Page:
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What Is A Settlement Agreement? Frequently Asked Questions FAQs

  1. What is a Settlement Agreement?

A Settlement Agreement is a legally binding contract between employer and employee which usually brings the employer and employee relationship to a mutual end. A Settlement Agreement can also be used where the employment is ongoing, but both parties want to settle a disagreement that has risen.

  1. When will an employer want a Settlement Agreement?

If you have raised a grievance or are being subjected to investigatory or disciplinary procedures, an employer may want to agree to a settlement instead of them spending time carrying out the formal procedures, holding meetings, looking into the issues or carrying out lengthy redundancy procedures. Settlement Agreement is often used to save time and resources if they are agreed by mutual consent.

  1. When will an employee want a Settlement Agreement?

If a Settlement Agreement package is good enough to let you leave your employment then you will also avoid having to deal with e.g. with formal investigatory/disciplinary meetings, a performance improvement plan or even return to work meetings if you have been absent.

However you will need advice on the value of the Settlement Agreement package in comparison to what potential claims you will be giving up (and their value) by signing the agreement.

The benefit to you from a Settlement Agreement is that you have a legal document setting-out how much compensation your employer will pay you.  It is quicker than pursuing a claim in an Employment Tribunal where there is always a risk you might not be successful.

The other advantage of the Settlement Agreement is that it may contain clauses regarding giving references for you on request and what the reference will say. This gives you peace of mind that any future employers will receive a reference from your current employer that will not contain anything negative.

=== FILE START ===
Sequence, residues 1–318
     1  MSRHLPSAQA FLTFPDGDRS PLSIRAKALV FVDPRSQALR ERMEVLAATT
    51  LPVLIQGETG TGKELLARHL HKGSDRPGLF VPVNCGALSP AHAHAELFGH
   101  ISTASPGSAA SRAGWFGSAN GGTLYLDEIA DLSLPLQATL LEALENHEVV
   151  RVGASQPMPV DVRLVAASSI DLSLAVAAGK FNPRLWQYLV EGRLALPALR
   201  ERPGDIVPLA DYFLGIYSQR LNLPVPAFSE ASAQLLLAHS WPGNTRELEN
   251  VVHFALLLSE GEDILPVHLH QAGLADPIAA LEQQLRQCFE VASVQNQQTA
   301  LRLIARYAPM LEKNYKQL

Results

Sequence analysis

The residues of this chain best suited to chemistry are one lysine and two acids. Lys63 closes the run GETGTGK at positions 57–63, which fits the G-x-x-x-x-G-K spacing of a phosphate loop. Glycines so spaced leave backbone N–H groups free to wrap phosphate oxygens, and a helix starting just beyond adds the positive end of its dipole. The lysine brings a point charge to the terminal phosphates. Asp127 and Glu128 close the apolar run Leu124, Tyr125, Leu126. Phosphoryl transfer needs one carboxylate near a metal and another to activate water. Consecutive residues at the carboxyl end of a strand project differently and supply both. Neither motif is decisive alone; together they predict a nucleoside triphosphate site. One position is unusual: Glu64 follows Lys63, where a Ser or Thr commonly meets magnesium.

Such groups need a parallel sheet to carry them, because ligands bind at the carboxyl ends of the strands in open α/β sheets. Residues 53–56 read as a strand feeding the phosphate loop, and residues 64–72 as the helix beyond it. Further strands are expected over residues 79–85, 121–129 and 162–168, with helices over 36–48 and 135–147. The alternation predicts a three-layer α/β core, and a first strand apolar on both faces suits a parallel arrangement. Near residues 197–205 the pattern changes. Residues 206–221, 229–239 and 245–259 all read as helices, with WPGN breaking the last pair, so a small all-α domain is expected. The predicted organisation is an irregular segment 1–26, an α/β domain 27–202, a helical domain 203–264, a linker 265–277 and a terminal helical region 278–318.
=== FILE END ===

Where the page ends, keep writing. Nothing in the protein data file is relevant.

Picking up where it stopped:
1. How much should the settlement be?

This is entirely depends on the circumstances behind why you have been given/offered a Settlement Agreement. We can provide you with advice on what potential claims you may be able to bring, the strength of such claims, the prospects of success and the value of these claims if successful. You will then be able to make an informed decision on if you wanted to proceed with the settlement or try to negotiate for more. Please see our Settlement Agreement Flowchart for more help on how to calculate your package.

Employment Settlement Agreement Process as screenshot

  1. Do I pay tax on my Settlement Agreement?

Most settlement payments under £30,000 can be made tax-free, but this will not apply to all payments. The tax treatment of payment in lieu of notice (known as PILON) and holiday pay is more complicated. You will need to discuss your particular circumstances with a solicitor for specific advice.

Employers will also require a tax “indemnity” clause as part of the Settlement Agreement. This means if HMRC decided there was any tax payable on the amounts you have received, you will be liable for the tax to be paid. These indemnity clauses often state that if HMRC claimed the tax from your employer, you would have to reimburse your employer.